Frances Barrera, Notre Dame ‘23
I’m 16 years old and my aunt and grandma have just abandoned me in front of Bond Hall for the two-week Career Discovery architecture program held every June. My body is 10% exhaustion, 40% nerves and 100% excited to finally be at the school of my dreams (the math checks out, right?). Spoiler alert: I loved “archie camp,” but one of my favorite memories actually preceded the start of the program. While my aunt helped me move in, my grandma waited for us on a bench by the Grotto and simply observed passersby, feet swinging with the uncomplicated joy of being in a serene place with friendly people. Watching her, heartily entertained by a collection of rocks and a trickle of ambling college students, demonstrated how special Notre Dame is and reminded me to appreciate such a wonderful community. To have a set nook of campus in which to freely lay intentions, light a candle, pray for a relative — to reflect individually in a communal space while supporting the collective petitions of others; the Grotto’s bounty is a privilege to experience, one that my grandma’s humble delight helped me to realize. Five years later, I am now a senior awaiting the same aunt and grandma’s visit to ND in the coming days. Just a dip in the road north from where my Notre Dame journey started, we’ll be sure to make a stop at the most idyllic spot on campus.
Robert Crawford, Notre Dame ‘23
Maybe it’s because my mind was filled with the other, more pressing thoughts of a seven-year-old, but I never remembered the Grotto — not even after being on campus for my brother’s graduation back in ‘07. From the love with which my mother spoke of it in the following years, I imagined what any boy should — a great cavern, a magnitude of light and hushed voices echoing off rugged stones. I was content in thinking this way for many years. But in the summer of 2017, when my mother and father were forced to learn a permanent pain they never
deserved, I, too, was made to find ways of healing, ways of preserving memories forever left behind. In all of her stories of the grotto, my mother drew me to that place, and when we first arrived, it was exactly what it should have been — a place of calm, unspeaking strength for two to embrace and remember.
Juan Jose Rodriguez, Notre Dame ‘19, former editor-in-chief of Scholastic
During my time as a student, the Grotto was a place where I could step away from the noise of a given day. Whether calming my mind in anticipation of a test or an upcoming broadcast, recalling memories on the anniversary of a relative’s passing or simply taking a moment to settle down, the opportunity to spend some time in quiet thought and prayer with God and the Blessed Mother was truly a blessing. Be there just one lit candle or dozens, the light of the flame amid the darkness of night served as a subtle yet poignant reminder of God‘s presence within me each and every day.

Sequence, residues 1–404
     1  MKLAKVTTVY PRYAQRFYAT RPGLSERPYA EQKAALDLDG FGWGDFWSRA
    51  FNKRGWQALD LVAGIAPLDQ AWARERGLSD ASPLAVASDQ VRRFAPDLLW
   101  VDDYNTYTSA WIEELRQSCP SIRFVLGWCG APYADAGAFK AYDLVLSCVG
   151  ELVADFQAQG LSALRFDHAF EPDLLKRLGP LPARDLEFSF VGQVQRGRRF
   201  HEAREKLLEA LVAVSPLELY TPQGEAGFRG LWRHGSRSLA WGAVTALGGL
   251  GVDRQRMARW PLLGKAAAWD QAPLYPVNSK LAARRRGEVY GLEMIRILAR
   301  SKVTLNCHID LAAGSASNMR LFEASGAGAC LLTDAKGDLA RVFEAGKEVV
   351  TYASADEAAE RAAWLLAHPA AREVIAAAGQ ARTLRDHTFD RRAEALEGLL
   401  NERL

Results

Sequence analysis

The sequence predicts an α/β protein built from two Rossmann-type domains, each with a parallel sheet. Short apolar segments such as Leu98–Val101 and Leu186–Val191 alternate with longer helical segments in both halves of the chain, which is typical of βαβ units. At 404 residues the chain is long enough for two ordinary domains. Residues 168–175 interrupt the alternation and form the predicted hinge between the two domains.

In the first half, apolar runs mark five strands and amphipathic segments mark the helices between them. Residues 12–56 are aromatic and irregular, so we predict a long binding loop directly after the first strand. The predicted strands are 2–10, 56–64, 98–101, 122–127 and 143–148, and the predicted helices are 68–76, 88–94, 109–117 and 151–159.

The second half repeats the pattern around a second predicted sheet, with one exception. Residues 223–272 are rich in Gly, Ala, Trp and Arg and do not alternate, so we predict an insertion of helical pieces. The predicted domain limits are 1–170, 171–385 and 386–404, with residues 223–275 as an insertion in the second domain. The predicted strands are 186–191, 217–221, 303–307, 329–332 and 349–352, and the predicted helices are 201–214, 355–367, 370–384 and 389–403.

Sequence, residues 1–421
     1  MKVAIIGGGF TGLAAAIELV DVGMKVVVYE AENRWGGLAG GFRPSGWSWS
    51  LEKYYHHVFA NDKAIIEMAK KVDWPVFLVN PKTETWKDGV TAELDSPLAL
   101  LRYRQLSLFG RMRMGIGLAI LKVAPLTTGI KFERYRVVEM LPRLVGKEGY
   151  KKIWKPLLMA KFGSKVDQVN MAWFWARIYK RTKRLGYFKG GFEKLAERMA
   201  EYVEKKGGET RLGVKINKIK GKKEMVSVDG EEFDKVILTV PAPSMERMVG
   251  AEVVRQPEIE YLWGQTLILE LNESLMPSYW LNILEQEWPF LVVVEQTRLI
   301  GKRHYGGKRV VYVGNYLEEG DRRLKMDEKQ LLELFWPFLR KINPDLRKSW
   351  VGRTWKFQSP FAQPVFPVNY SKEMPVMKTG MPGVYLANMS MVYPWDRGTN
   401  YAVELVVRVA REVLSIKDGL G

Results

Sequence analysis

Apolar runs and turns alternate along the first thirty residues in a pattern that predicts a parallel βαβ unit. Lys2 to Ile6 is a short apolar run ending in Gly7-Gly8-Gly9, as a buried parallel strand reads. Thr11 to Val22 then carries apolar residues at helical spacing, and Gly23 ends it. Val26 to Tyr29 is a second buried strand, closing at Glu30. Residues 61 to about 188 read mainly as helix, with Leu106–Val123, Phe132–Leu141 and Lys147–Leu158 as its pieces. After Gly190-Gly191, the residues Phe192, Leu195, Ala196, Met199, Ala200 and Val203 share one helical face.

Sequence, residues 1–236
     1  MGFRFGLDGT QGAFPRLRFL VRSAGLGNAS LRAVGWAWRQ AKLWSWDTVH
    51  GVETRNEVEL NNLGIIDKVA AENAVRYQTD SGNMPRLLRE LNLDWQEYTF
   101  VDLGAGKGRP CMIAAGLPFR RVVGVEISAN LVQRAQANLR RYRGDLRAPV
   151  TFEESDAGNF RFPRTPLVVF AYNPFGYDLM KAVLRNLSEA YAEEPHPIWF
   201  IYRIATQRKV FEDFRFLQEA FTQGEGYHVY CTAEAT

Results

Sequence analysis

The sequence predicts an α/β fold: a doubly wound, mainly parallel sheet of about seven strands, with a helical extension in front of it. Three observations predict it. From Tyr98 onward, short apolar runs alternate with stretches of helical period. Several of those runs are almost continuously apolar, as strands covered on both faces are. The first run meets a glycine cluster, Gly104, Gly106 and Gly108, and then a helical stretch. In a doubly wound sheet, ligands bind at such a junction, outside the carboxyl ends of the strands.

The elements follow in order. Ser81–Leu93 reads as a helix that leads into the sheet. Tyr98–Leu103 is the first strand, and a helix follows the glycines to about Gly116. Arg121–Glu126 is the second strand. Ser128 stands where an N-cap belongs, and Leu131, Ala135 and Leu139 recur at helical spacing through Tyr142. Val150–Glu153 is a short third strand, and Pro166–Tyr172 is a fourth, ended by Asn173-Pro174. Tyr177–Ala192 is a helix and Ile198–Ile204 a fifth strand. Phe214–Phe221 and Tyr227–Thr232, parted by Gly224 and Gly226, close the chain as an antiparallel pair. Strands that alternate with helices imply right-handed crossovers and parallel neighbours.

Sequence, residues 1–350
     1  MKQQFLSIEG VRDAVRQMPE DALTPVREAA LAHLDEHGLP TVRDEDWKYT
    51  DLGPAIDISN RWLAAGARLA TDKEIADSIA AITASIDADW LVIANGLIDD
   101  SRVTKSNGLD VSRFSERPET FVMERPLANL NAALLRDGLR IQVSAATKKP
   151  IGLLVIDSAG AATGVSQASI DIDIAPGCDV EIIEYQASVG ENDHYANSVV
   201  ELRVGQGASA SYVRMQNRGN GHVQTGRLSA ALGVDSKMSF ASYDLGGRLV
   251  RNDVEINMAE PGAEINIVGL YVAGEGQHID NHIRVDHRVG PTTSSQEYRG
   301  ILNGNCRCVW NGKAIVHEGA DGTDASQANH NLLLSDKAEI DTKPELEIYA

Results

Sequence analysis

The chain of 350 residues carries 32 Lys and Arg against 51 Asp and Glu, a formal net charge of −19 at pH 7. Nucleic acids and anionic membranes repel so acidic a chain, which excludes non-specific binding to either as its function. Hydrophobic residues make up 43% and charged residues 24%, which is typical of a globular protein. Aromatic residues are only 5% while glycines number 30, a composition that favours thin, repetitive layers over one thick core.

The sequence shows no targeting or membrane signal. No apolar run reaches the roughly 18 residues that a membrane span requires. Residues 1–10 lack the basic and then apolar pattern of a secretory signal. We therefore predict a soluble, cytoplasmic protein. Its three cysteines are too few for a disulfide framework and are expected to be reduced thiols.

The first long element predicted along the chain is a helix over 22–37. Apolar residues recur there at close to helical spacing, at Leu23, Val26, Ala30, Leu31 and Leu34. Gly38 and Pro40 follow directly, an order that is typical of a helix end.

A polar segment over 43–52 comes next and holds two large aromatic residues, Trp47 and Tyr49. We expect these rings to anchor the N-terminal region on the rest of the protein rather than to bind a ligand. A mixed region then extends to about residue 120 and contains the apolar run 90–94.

Lynette Paczkowski Notre Dame ‘01
As a student, I spent a lot of time at the Grotto. My favorite time to visit was at night, when the glow of the flickering candles helped you feel a little less alone. And alone I sometimes felt. My parents divorced when I graduated high school. As I was preparing to graduate Notre Dame, my mom was planning her second wedding. The time in between was confusing and difficult to an only child away at college, trying to navigate a lot of new normals (before “new normal” was a thing). I would light a candle and sit down on a bench, breathing in the fresh air, the lakes, and the flames. I prayed. I reflected. I felt hugged by the gentle breeze that always seemed to wrap itself around me. Was it my imagination? The cool Indiana nights? Mary? God? My guardian angels sending me a hug? Does it matter?
Elizabeth Hughes, Notre Dame ‘22
I’ve only ever been to the Grotto sweaty. Most often, I stop by mid-run to people-watch and sit for a second. Over Welcome Weekend, I went with my dorm, and it was 102 degrees. And on a few occasions, I’ve run straight there because I knew it was what I needed right then. But I like that I can be sweaty there. Nobody cares, especially not God.
Kat Zdravkov Notre Dame ‘23
Every Friday in the fall of sophomore year, I would leave my Italian class with a smile on my face — the class was enjoyable, and my classmates were a pleasure to be around. However, on Friday, Nov. 1, 2019, I left Italian in a much worse mood than usual. That morning marked one week since my grandfather had passed away over my fall break, and now I was 1,200 miles away from my greatest source of comfort: my family. I went to the Grotto in search of solace and sought to honor him. As I knelt and prayed for our family, mourning his loss, I found myself suddenly overwhelmed by the beauty of everything around me. It was a crisp, sun-kissed fall
morning, and the trees were rich in color. There was a simultaneous serenity and buzz of activity around campus. In that moment, I felt the peace I needed. The Grotto and the beauty of our campus reassured me that my grandfather and I were still connected as he smiled down on me.